School budget debate hinges on health care funding

When legislative budget-writers meet Monday morning to set the state’s largest budget, they will have to wrestle with whether to help school districts pay health insurance costs.

Both Gov. Butch Otter and Superintendent of Public Instruction Sherri Ybarra have called for increasing K-12 spending by more than $100 million for 2018-19.

On many of their biggest proposals, including a plan to raise teacher pay by more than $40 million, Ybarra and Otter pretty much agree.

But the agreement ends over health care costs.

Ybarra asked legislators for $7.2 million to help districts with health care costs, on top of a separate request to increase discretionary/operations funding for districts.

Otter recommends no such funding increase, but would instead prefer the state invest more heavily in a K-3 literacy initiative and add funding for teacher professional development.

Rep. Wendy Horman, an Idaho Falls Republican who helps write the K-12 budgets, said school leaders have sent her a clear message about their needs.

“While there wasn’t unanimity between the governor and superintendent’s request, it was unanimous out in the field — this is critical,” Horman said. “In consulting with local superintendents from my region, their top priorities were clearly around (teacher pay raises through) the career ladder and help covering health insurance costs.”

Asked about the differing proposals Thursday, Otter told reporters the state has actually done a better job in recent years of funding school districts. Instead of dumping money into discretionary/operations funding, the state has added budgetary line items that specifically direct where the money must go.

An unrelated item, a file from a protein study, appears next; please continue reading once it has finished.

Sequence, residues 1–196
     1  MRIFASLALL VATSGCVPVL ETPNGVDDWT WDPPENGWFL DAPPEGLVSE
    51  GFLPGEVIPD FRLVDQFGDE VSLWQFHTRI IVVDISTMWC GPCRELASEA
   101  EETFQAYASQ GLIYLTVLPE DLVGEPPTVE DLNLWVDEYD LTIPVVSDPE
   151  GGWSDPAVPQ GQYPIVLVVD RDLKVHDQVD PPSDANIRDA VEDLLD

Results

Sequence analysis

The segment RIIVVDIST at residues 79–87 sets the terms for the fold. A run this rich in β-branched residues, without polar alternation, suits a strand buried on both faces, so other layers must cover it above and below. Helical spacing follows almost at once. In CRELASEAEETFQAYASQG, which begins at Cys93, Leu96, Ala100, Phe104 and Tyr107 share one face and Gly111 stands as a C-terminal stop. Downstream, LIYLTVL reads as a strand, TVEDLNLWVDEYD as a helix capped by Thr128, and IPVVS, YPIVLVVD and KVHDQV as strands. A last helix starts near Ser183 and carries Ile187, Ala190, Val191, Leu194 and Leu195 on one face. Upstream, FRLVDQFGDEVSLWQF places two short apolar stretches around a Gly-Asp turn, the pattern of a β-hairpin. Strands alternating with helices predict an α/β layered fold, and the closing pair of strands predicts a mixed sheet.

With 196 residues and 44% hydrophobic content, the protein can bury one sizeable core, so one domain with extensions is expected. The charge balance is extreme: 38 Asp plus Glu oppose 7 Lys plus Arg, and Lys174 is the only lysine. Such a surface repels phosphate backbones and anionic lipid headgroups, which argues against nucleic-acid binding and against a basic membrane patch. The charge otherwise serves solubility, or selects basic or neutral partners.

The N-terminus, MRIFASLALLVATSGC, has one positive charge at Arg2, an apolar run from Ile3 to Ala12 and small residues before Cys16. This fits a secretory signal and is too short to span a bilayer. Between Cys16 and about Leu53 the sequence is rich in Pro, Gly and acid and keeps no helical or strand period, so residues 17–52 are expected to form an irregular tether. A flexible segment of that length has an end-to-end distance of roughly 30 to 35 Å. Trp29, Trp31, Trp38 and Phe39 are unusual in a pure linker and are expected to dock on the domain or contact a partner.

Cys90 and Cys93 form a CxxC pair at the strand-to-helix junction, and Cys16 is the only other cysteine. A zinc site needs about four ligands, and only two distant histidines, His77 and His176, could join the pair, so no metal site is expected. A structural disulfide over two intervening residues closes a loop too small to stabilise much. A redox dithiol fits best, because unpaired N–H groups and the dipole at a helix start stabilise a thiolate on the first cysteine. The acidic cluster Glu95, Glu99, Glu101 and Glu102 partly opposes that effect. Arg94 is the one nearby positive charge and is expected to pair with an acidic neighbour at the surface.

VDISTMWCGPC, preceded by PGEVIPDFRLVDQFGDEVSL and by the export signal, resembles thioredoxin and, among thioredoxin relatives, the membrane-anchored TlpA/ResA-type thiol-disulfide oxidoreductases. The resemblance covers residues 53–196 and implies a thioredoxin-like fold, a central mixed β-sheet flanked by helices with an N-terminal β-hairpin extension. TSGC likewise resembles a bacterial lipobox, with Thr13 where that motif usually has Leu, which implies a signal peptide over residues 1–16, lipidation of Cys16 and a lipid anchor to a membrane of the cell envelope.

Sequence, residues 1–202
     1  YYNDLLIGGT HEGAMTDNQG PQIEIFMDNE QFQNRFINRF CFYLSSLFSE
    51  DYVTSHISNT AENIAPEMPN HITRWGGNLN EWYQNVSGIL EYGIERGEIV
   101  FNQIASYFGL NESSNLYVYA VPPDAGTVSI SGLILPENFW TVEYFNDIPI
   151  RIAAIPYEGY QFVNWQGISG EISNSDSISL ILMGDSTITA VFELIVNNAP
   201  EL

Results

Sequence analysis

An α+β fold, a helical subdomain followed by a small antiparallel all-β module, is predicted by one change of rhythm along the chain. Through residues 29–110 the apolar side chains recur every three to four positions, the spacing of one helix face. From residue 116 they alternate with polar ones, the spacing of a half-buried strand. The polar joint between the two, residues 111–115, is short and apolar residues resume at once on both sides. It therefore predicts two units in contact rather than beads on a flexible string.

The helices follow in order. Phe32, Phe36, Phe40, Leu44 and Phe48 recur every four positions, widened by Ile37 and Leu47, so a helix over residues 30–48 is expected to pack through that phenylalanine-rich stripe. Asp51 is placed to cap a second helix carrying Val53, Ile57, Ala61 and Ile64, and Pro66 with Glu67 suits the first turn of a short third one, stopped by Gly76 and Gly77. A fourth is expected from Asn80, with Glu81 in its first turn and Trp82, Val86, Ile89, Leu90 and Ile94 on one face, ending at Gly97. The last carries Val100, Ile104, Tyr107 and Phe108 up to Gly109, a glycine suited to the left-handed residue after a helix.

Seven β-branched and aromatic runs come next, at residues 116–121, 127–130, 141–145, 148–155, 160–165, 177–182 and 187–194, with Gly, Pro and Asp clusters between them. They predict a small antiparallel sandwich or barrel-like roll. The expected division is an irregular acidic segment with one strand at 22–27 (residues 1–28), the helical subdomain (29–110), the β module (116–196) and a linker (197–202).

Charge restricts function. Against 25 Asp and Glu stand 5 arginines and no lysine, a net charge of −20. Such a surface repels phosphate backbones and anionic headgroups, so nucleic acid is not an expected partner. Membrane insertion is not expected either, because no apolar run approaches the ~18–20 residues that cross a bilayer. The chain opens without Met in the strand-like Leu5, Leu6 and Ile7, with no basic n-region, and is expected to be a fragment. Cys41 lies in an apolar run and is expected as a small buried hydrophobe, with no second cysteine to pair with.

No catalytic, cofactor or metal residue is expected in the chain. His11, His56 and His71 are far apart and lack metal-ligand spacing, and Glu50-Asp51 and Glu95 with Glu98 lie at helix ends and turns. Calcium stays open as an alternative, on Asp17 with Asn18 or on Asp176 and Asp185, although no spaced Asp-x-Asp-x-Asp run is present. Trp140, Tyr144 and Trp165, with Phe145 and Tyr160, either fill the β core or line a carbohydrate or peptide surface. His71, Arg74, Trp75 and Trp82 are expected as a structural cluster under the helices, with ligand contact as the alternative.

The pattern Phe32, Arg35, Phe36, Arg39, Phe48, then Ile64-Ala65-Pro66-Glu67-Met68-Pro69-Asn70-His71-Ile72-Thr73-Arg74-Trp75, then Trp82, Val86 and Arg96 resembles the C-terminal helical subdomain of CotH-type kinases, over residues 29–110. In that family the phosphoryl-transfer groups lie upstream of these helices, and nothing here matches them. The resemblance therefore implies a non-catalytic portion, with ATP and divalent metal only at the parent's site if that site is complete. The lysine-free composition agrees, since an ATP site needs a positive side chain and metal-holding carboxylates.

And given competing funding priorities, Otter suggested that his most pressing obligation is to fund initiatives that improve student learning and reach the classroom in order to meet Idaho’s constitutional mandate “to establish and maintain a general, uniform and thorough system of public, free common schools.”

Speaking for her personal priorities, Horman said she will push for another $100 million in new funding for public schools, look to secure teacher raises, help districts with health care costs and make a deposit into the Public Education Stabilization Fund, a savings account that has a balance of about $65 million, as of Friday.

K-12 spending is expected to account for about 48 percent of general fund spending next year, which is why the budget is so closely scrutinized. Higher education budgets will be set separately, but in all, education spending is expected to represent about 63 percent of all state general fund spending.

JFAC is scheduled to convene at 8:30 a.m. Monday, even though Monday is Presidents Day.

Follow @IdahoEdNews on Twitter for live updates from Monday’s budget-setting hearing. Check back with Idaho Education News on Monday afternoon for full coverage of the new public school budget proposal.


Clark Corbin

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